The Importance of Diet in Managing Hypoparathyroidism
by Dr Karen K Winer (USA)
Calcium is maintained in the blood within a very narrow physiological range mainly through the actions of both Calcitriol and parathyroid hormone. The biologically active form of vitamin-D, Calcitriol (1,25 (OH)2 vitamin D3) is formed in the kidney by direct stimulation from parathyroid hormone which is secreted from the parathyroid gland.
Calcitriol increases intestinal calcium absorption. Parathyroid hormone also acts on the kidney to reabsorb calcium from the renal tubule. The combination of PTH action on the kidney and Calcitriol action on the intestinal tract to maintain calcium levels in the normal range. Adequate vitamin D is essential for calcium absorption in the intestinal tract.
The vitamin D in our body is from several sources. The cascade begins with a cholesterol derivative in the skin. This is converted to a precursor vitamin D3 molecule under ultraviolet radiation (sunlight). This is why our vitamin D levels are usually higher in the summer than in the winter. Exposure to sunlight (at least 10 minutes/day) generally prevents and can sometimes cure vitamin D deficiency. Other sources of vitamin D are from the diet, i.e. milk, meat, and vegetables. If vitamin D is lacking from our diet and we tend to work long hours indoors, a multivitamin containing 400 IU of vitamin D is an excellent source of vitamin D.
Patients with hypoparathyroidism have to plan to maintain a high-calcium diet on a daily basis. Instead of "high-calcium" diet, I really should say "optimal-calcium" diet. The amount of dietary calcium I recommend for patients with hypoparathyroidism is 1000-1500 mg. According to the NIH Consensus Statement, the current recommended calcium intake for the general population is 1000 mg. More calcium (1500 mg) is recommended for pregnant women and elderly people over the age of 65 years. Thus, the parent with hypoparathyroidism, is really taking approximately the same amount of daily calcium that is recommended for the general population.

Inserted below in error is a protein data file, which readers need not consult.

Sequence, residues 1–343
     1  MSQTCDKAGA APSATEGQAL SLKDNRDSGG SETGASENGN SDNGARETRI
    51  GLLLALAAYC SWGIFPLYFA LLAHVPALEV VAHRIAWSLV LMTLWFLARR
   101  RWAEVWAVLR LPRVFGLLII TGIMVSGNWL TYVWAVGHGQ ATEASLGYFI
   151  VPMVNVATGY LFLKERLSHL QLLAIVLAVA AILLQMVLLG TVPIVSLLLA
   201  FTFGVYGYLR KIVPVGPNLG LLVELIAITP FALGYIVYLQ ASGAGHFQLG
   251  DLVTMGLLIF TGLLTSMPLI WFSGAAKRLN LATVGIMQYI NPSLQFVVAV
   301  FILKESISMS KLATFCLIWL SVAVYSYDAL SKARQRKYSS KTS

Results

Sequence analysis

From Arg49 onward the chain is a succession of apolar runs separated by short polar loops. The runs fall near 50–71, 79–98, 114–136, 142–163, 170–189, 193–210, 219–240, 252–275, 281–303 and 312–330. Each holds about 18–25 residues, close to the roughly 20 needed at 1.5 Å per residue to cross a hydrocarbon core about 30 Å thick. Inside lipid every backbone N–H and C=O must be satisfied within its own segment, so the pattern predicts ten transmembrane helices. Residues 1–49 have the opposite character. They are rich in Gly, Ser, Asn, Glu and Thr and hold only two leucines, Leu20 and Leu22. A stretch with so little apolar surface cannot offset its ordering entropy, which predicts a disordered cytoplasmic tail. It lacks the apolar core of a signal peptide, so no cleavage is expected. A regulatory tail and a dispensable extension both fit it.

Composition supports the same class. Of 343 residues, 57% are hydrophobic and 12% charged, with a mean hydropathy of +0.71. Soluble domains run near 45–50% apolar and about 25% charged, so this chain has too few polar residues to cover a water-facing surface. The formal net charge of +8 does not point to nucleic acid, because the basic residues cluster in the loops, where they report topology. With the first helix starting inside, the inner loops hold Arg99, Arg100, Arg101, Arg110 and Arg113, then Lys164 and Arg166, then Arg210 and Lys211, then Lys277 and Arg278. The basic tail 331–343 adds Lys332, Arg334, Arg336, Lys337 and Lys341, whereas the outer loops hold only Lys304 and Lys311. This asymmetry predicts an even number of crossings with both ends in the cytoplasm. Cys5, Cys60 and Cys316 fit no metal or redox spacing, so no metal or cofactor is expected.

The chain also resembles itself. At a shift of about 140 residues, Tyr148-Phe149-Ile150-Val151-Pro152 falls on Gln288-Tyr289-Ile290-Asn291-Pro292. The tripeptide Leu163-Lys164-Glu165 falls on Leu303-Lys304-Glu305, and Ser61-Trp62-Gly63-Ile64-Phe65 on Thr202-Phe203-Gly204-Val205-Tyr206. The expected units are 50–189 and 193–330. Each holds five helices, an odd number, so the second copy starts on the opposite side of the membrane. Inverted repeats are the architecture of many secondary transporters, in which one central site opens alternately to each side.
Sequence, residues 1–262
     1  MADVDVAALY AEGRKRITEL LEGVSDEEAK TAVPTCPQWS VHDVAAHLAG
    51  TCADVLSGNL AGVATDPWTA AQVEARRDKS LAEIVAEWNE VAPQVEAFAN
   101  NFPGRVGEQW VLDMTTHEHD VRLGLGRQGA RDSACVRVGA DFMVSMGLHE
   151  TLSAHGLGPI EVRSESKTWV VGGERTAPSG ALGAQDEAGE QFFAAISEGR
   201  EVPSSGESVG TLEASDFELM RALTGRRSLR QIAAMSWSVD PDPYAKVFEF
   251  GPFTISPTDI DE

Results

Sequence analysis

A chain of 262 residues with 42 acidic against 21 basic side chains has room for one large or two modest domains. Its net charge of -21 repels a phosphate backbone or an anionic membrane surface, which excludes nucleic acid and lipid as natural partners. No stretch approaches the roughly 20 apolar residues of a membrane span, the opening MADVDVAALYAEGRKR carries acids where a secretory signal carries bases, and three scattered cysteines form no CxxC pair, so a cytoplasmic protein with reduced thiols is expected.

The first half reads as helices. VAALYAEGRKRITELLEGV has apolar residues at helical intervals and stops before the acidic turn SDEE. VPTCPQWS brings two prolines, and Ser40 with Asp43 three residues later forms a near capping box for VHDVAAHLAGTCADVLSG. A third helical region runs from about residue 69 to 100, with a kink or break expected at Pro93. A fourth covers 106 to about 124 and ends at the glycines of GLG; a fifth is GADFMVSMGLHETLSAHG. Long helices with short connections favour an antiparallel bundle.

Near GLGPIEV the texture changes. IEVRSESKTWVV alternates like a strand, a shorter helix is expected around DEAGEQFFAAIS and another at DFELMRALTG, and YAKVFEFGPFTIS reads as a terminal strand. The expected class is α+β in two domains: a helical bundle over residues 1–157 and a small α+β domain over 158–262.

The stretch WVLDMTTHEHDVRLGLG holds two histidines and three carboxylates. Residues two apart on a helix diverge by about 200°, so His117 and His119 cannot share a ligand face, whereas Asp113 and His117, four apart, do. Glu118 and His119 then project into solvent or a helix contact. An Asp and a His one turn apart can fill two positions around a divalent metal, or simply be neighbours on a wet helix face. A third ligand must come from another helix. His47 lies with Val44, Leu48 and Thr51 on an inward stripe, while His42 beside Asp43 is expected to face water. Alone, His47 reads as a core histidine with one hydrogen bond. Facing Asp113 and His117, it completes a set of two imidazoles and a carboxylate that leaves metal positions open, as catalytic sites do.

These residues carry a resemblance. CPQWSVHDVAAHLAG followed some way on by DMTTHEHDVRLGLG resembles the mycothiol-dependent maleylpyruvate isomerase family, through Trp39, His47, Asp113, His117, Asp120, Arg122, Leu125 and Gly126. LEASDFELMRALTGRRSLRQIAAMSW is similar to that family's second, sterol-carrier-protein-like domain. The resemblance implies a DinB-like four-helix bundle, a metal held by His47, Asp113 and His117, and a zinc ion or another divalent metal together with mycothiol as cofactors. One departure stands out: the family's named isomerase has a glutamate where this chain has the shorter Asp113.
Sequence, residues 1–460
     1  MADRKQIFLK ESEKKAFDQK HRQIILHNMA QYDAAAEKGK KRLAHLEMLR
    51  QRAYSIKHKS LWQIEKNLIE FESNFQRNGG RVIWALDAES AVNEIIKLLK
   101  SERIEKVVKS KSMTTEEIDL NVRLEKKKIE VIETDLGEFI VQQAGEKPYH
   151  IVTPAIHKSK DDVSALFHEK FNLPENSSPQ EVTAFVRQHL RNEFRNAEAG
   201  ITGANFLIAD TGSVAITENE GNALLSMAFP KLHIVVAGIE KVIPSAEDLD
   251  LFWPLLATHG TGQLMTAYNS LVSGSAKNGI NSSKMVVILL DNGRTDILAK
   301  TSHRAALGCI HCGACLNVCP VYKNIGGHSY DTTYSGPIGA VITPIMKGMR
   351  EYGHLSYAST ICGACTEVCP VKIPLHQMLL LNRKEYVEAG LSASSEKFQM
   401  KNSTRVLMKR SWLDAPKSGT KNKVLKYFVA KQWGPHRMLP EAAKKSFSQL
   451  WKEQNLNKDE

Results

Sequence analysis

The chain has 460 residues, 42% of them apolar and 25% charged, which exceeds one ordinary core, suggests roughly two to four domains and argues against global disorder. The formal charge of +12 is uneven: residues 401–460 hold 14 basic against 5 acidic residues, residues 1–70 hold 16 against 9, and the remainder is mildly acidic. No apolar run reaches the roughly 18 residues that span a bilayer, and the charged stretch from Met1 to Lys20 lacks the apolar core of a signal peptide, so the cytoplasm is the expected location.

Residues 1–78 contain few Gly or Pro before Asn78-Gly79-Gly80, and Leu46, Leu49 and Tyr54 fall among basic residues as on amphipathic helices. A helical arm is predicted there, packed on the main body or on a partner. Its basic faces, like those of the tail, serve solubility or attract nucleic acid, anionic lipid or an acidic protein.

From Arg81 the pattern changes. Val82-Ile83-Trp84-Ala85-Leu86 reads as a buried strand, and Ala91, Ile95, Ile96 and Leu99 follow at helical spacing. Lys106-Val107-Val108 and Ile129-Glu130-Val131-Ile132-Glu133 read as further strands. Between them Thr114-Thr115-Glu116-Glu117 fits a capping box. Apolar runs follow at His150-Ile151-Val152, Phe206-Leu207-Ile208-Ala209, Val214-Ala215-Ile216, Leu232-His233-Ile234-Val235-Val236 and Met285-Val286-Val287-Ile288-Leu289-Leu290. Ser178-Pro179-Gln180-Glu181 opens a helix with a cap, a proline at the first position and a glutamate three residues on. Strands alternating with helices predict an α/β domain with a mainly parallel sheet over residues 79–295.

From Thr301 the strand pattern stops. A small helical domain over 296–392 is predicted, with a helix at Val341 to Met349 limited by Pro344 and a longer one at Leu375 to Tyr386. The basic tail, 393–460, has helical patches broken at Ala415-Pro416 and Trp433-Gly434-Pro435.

The best source of calcium is dairy products, calcium-rich vegetables, and calcium fortified drinks. Milk products, such as yogurt, ice cream, and cheese provide us with most of our daily calcium. Many adults do not digest milk products well and may have some degree of lactose intolerance. In this case, one should try lactaid milk or calcium fortified orange juice. Milk products may seem to pose a problem for those who are watching their fat and cholesterol intake. There are many low-fat, low cholesterol options such as skim-milk, low-fat yogurt, low- fat cheese, etc. Salmon, sardines and Tofu are high in calcium.
In addition, you should keep in mind that high phosphorus levels are also a feature of hypoparathyroidism, since a lack of parathyroid hormone, phosphorous is not excreted in the urine and tends to rise in the blood. It is best to avoid high-phosphorous foods such as sodas and hot dogs. Milk is also high in phosphorous so should be ingested in moderation.
In hypoparathyroidism, it is important to maintain consistent level of dietary calcium intake to prevent large fluctuations in blood calcium. The 1000 mg of dietary calcium should be divided throughout the day, preferably into about 4 meals. This will help your medication work in maintaining normal levels of calcium in your blood. If you are taking vitamin D or Calcitriol, it is best to take your calcium supplementation (calcium carbonate) with your meals so that it is better absorbed.
I recommend to all my patients with hypoparathyroidism, to carry with them some form of calcium supplement (Tums ) or food that is high in calcium (calcium-fortified orange juice) for episodes of numbness, tingling, or cramping that one may experience with their blood calcium dropping below the normal range.
Karen K. Winer, M.D. National Institutes of Health 10 Center Drive MSC 1862 Bethesda, Maryland 20892-1862 (301) 435-6877
I want to express my sincere thanks to Dr. Winer for taking the time in her busy schedule to write the article for you. I hope that each of you will find the information presented useful in helping to maintain a healthy, normal life free from the problems associated with low levels of blood calcium. (James Sanders)